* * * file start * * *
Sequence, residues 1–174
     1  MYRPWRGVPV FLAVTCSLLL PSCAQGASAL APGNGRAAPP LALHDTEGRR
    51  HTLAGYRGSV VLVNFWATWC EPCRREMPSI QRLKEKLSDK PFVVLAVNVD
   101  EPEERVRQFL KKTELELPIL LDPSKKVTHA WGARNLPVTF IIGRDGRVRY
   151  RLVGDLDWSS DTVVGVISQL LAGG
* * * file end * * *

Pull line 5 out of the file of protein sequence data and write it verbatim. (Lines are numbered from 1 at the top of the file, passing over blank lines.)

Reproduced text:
   151  RLVGDLDWSS DTVVGVISQL LAGG